“While the auction winners have the opportunity to partake in the hunt of a lifetime, their winning bids also ensure Maine children have the chance to learn outdoor skills that will give them a lifetime of appreciation of the Maine outdoors,” said Chandler Woodcock, Commissioner, Department of Inland Fisheries and Wildlife.

Conservation camp programs are designed to teach Maine boys and girls the importance of conservation, a respect for the environment and a working knowledge of a variety of outdoor skills. Subjects taught at camp include wildlife identification, fishing, boating safety, archery, firearms handling, hunter safety, forest conservation, map and compass work and much more.

Bids for the 2017 auction are now being accepted and must be received at the Department of Inland Fisheries and Wildlife, 284 State Street, Augusta, Maine 04333, no later than 5:00 p.m. (Eastern Time) on February 15, 2017. A non-refundable bid fee of $25.00 in U.S. funds must accompany each bid.

For more information on the Maine Moose Permit Auction or moose hunting in Maine, please visit our website at www.mefishwildlife.com

Maine - Hunting Economy Has a Banner Year!

As big of a deal as hunting is in Maine, many folks in the public have never really been told just how important it is to jobs, wages and the tax base. That has begun to change with the efforts of Hunting Works for Maine, a collation of businesses and organizations formed in 2015 to educate the public about the value of hunting.

Using a grassroots strategy to spread the word, Hunting Works for Maine has already grown to more than 100 members in just eighteen months! In addition to organizations like the Maine Professional Guides Association, Sportsman’s Alliance of Maine and the Maine Wildlife Conservation Council, members include business associations including the Maine State Chamber of Commerce, several local chambers of commerce, tourism associations and other businesses such as hotels, restaurants and many others.

The impressive list of partners can be found at www.huntingworksforme.com. The purpose of the organization is to bring attention to hunting’s impact on everyday life in Maine, from jobs at the local diner, to salaries paid at a tire dealer. From local taxes from hotel stays to groceries near a local hunting lodge.

Led by four volunteer co-chairs, Hunting Works for Maine was launched in Augusta in July of 2015. It has held two annual meetings for members in Skowhegan, visited with media and businesses across Maine, and held regional meetings for businesses in Augusta, Millinocket, and Scarborough. Co-chairs included Subway Franchisee Representative Gary Hilliard, Scotts Turf Franchisee Representative Peter Lyford, Northwoods Sporting Journal publisher Paul Reynolds, and local grocer and retailer Clay Tranten.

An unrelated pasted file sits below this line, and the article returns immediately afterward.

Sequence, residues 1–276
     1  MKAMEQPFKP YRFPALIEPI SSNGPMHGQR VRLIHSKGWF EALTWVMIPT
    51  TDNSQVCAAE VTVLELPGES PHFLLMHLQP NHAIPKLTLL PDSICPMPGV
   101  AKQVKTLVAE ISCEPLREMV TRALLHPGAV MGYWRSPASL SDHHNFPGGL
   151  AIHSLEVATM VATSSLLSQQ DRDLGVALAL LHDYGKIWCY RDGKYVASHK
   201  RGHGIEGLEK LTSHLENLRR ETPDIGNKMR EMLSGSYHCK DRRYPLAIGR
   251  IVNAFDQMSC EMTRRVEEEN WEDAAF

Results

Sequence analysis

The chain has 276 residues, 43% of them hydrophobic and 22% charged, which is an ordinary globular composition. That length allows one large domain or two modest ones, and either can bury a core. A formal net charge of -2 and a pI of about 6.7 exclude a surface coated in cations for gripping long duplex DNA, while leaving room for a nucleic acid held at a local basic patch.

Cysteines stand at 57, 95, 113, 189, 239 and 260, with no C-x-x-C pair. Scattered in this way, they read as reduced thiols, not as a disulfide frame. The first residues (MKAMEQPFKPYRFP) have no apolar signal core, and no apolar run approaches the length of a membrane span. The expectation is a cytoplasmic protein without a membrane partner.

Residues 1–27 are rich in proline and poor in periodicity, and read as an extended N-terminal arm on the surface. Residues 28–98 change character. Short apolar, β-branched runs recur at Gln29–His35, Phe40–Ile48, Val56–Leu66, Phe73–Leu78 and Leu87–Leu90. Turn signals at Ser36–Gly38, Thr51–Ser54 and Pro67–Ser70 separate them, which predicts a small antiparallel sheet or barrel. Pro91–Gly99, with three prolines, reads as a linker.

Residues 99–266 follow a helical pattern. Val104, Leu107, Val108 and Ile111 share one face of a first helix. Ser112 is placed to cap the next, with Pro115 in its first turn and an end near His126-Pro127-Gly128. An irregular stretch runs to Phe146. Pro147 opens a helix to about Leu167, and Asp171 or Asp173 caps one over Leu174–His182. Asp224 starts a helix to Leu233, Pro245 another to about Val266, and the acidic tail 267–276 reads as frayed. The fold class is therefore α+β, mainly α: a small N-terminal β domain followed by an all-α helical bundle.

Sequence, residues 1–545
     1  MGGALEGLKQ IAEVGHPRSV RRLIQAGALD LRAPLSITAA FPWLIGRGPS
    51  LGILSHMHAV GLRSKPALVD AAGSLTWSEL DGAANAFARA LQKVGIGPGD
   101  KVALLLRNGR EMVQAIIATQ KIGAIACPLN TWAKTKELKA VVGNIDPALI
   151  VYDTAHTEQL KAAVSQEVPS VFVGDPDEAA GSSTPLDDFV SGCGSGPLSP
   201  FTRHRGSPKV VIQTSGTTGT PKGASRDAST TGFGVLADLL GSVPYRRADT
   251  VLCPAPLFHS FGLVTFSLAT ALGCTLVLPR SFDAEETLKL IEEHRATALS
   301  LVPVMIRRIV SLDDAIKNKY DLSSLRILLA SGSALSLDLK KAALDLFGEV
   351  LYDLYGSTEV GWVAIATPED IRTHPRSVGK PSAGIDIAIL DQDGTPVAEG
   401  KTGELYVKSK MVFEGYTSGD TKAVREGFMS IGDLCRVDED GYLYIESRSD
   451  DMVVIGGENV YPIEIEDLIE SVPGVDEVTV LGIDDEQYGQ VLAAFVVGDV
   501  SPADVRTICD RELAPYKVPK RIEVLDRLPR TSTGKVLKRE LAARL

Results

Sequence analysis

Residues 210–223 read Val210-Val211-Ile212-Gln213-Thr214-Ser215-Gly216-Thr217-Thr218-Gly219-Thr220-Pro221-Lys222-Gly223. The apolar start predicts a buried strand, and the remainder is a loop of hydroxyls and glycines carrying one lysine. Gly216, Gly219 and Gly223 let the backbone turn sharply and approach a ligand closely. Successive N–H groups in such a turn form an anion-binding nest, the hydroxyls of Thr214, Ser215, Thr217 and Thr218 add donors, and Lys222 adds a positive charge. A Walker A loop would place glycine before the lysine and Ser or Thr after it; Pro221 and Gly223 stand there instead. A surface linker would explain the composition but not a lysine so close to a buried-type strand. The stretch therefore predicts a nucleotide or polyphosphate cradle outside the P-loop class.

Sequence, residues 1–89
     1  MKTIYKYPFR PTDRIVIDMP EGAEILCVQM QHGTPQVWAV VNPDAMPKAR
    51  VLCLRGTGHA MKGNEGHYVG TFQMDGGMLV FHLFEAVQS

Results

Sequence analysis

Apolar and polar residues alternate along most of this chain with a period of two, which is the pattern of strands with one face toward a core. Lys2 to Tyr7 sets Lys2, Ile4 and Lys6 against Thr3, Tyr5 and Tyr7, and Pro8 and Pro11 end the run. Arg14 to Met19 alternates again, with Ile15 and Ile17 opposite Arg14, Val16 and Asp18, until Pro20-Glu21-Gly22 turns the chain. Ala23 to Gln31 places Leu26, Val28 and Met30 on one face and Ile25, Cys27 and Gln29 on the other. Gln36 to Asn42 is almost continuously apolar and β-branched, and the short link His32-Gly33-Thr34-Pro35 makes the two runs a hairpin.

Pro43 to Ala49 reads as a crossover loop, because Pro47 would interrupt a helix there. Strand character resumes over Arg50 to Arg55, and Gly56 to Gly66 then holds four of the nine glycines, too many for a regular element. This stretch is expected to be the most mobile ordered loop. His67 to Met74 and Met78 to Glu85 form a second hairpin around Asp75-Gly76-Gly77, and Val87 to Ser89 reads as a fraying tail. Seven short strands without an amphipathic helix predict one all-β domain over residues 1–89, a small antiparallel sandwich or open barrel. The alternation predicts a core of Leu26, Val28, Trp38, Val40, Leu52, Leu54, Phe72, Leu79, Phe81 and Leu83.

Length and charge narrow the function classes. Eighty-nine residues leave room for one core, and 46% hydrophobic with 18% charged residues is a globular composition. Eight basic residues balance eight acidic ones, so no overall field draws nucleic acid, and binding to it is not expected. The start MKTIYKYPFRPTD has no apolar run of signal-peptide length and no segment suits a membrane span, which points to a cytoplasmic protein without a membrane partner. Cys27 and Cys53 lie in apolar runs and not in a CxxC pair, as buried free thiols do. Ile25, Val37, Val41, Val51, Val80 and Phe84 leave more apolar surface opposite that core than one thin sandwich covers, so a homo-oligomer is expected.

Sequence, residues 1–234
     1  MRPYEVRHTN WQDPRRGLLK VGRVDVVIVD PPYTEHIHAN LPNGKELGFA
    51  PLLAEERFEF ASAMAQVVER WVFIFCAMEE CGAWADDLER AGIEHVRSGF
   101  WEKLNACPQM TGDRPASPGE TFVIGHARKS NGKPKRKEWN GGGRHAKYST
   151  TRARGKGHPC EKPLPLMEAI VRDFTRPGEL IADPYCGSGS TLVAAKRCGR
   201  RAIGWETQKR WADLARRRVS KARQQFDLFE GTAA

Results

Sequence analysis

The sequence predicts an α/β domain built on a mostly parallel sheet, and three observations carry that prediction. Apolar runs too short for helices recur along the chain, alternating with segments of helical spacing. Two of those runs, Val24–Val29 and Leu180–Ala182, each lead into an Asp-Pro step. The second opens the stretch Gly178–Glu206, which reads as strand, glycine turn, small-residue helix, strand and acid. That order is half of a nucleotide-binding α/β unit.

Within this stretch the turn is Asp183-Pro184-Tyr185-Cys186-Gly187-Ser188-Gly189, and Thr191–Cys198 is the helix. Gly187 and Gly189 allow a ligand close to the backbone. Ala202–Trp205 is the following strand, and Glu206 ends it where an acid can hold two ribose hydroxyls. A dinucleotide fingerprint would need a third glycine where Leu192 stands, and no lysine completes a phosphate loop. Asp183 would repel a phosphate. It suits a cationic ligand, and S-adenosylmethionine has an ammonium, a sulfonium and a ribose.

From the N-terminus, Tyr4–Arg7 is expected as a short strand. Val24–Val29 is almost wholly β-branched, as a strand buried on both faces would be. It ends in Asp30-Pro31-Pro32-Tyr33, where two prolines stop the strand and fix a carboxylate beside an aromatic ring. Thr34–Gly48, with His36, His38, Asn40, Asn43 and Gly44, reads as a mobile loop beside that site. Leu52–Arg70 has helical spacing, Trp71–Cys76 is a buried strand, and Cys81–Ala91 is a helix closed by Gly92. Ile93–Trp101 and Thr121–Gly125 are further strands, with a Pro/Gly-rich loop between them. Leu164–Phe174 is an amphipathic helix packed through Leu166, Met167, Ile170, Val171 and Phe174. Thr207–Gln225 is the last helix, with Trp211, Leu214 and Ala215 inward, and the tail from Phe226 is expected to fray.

Hunting is responsible for a total of $363 Million to Maine’s economy annually. This includes $120 million in salaries and wages and 4,000 jobs.

Hunting Works for Maine will continue to grow its grassroots base in 2017 to ensure the economic message is able to reach every region of the state so that all Mainers know how important hunting is to their communities, whether they hunt or not. More information can be found at www.huntingworksforme.com, or can be obtained by emailing info@huntingworksforme.com.

Sledder Dies at Maine Lake

A man died this winter in a snowmobile crash in Sidney. Jeffrey Fisher, 32, from Sidney, was found dead along the shoreline of Messalonskee Lake after he became separated from his friend while on a snowmobile ride. The Maine Warden Service determined that Fisher crashed his snowmobile and was ejected onto rocks at the shoreline. A responding paramedic unit from Delta Ambulance pronounced Fisher dead on scene.

Fisher was operating an Artic-Cat snowmobile and was wearing a helmet. Speed is likely a contributing factor in this crash based upon an initial witness statement and evidence at the scene. Members of the Warden Service Evidence Recovery and Forensic Mapping Units assisted in the investigation as well as Sidney Fire and Rescue. An autopsy will be performed by the Office of the Medical Examiner in Augusta. This case remains under investigation. This is Maine’s fourth snowmobile related fatality this season.